Jan Troell’s broad-backed nature epic on the mid-nineteenth-century Swedish emigration to this country, which was shot in Sweden and here, tells the story of why and how Swedes became Americans.
The mindless and hysterical banality of the evil presented in The Exorcist is the most terrifying thing about the film. The Americans should certainly know more about evil than that; if they pretend otherwise, they are lying.
This movie about war and rape is the culmination of Brian De Palma’s best work. In essence, it’s feminist.
“Intolerance” is one of the two or three most influential movies ever made, and I think it is also the greatest. Yet many of those who are interested in movies have never seen it.
A Clockwork Orange is a characteristically frosty piece of film-making, shorn completely of sentiment, working through brilliant ironies and dazzling dramatic ideas that please us, provoke our laughter, galvanize our intellects, win our admiration—but never touch our hearts.
The Last Picture Show arrives just when it seemed time to announce that movies as pop culture were dead.
Marcel Ophüls’s The Sorrow and the Pity runs about four and a half hours . . . but, in terms of moral, intellectual, and emotional absorption, it is one of the shortest movies of the year.
The Sorrow and the Pity is, first, a record. Second, it is a reminder. Third, most important from any view, The Sorrow and the Pity is a fine film.
A magnificent epic on the themes of collaboration and resistance.
Trading Places is one of the most emotionally satisfying and morally gratifying comedies of recent times. Eddie Murphy demonstrates the powers of invention that signal the arrival of a major comic actor, and possibly a great star.
ABC’s movie The Day After stirs a storm of nuclear debate.
Lamont Johnson’s The Last American Hero has a source in an Esquire article Tom Wolfe wrote several years ago about a stock-car racer and automobile customizer named Junior Johnson.
“The last American hero” never goes soft, and maybe that’s why the picture felt so realistic to me; it wasn’t until I reread the Wolfe piece that I realized what a turnaround it was. But we believe the worst now — maybe only the worst.
A radical American journalist becomes involved with the Communist revolution in Russia, and hopes to bring its spirit and idealism to the United States.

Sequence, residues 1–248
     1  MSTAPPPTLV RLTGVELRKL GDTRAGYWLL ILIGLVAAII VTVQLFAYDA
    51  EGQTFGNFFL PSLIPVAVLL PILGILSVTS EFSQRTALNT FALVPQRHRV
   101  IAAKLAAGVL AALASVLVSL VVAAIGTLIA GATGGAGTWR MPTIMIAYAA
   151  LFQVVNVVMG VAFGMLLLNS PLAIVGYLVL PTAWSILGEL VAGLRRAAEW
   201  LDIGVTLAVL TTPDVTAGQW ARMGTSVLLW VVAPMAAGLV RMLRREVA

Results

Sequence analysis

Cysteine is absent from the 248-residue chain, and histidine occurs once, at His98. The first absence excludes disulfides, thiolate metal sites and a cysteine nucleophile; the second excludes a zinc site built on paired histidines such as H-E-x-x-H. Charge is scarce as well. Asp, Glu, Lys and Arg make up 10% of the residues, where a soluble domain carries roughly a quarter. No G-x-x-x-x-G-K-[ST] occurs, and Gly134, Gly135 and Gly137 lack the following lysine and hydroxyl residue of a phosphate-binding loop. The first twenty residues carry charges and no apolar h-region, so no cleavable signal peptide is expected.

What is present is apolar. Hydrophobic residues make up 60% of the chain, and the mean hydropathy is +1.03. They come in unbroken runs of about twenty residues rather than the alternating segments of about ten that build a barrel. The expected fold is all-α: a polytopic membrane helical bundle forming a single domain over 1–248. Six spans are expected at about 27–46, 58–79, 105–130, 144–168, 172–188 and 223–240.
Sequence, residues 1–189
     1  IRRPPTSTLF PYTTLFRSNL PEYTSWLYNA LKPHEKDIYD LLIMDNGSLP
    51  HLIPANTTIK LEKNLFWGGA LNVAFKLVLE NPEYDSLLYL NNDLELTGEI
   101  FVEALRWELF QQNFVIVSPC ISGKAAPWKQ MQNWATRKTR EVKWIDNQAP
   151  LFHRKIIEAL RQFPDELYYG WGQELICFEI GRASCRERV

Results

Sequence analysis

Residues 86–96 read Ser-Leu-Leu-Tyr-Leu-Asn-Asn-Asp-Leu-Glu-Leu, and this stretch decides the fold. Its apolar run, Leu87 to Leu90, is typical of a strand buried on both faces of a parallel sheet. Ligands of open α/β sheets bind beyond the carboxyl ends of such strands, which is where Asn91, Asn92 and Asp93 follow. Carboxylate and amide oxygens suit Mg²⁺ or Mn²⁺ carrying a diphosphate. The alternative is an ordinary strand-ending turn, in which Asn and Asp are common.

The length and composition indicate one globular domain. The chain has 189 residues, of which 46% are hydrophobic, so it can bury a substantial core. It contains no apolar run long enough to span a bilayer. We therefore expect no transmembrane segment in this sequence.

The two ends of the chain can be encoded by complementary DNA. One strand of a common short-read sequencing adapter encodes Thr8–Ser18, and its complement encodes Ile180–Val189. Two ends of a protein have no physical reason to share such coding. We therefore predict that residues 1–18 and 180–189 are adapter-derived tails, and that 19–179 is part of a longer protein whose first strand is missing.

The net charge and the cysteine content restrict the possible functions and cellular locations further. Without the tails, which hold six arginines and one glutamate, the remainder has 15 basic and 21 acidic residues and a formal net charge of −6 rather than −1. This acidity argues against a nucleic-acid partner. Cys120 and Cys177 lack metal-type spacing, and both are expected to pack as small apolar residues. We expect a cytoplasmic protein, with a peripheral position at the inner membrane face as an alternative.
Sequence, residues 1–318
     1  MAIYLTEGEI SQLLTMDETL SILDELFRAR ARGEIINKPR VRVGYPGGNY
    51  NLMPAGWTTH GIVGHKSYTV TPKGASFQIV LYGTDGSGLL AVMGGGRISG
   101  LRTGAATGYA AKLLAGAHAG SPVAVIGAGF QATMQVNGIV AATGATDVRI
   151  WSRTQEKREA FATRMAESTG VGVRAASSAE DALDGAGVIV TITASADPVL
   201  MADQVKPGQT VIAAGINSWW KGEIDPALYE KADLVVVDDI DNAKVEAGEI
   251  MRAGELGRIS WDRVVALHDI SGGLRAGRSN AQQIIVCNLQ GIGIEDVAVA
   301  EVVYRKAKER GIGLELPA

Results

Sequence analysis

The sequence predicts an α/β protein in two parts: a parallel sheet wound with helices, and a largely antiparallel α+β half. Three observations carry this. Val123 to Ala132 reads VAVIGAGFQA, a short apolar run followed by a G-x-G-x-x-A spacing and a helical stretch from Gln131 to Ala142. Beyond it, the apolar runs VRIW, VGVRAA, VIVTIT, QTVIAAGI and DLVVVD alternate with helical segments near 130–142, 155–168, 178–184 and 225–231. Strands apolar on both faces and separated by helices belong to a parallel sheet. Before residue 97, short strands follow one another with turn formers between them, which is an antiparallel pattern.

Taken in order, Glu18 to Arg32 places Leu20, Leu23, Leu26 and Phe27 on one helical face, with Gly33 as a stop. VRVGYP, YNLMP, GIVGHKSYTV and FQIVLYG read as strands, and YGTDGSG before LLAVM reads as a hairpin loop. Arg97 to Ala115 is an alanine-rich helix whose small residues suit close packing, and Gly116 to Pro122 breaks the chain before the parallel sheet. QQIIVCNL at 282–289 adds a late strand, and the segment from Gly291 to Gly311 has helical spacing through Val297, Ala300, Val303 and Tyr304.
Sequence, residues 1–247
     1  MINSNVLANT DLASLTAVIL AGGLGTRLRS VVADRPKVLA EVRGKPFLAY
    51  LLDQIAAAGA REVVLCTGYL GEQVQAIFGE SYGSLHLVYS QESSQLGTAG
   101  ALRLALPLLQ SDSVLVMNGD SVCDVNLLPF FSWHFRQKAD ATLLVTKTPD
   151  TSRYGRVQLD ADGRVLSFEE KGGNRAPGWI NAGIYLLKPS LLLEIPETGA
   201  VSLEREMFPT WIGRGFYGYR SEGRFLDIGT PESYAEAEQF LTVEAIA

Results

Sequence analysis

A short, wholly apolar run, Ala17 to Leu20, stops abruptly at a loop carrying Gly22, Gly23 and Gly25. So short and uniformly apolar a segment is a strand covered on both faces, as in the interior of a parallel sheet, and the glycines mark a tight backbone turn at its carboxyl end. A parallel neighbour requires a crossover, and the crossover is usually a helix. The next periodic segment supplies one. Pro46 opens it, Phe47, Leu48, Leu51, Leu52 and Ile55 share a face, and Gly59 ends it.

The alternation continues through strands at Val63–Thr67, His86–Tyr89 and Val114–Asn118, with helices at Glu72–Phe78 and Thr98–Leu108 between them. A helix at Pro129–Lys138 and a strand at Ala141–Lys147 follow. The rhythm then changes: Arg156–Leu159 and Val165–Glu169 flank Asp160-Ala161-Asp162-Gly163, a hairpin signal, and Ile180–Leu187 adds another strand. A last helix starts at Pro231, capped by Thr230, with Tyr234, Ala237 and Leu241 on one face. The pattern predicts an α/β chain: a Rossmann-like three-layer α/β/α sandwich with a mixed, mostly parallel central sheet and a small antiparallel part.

The story takes off from the myth that Salieri, the Viennese court Kapellmeister more successful than Mozart yet jealous of him, poisoned the younger man.
If Brian De Palma were a new young director, Body Double would probably be enough to establish him as a talented fellow. But, coming from De Palma, Body Double is an awful disappointment.
With Chinatown, as with Rosemary’s Baby, Roman Polanski handles the mechanics of the plot with a ruthless brilliance that is immediately involving.
To enjoy Blade Runner, you need only disregard, as far as possible, the actors and dialogue. (And the score) The script is another reworking of a threat to humans by humanoids —one more variation on the Invasion of the Body Snatchers theme.
The Shining doesn’t scare. The only pang in it is that it’s another step in Kubrick’s descent.
The picture is virtually bare of Scorsese style, such touches, heavy or helpful, as the opening manhole shot of Taxi Driver or the opening prize-ring sequence of Raging Bull. I saw nothing in The King of Comedy that couldn’t have been done by any competent director. Cinematically, it’s flavorless.
Seeing Martin Scorsese’s new film is like visiting a human zoo. That’s certainly not to say that it’s dull: good zoos are not dull. But the life we watch is stripped to elemental drives, with just enough decor of complexity—especially the heraldry of Catholicism —to underscore how elemental it basically is.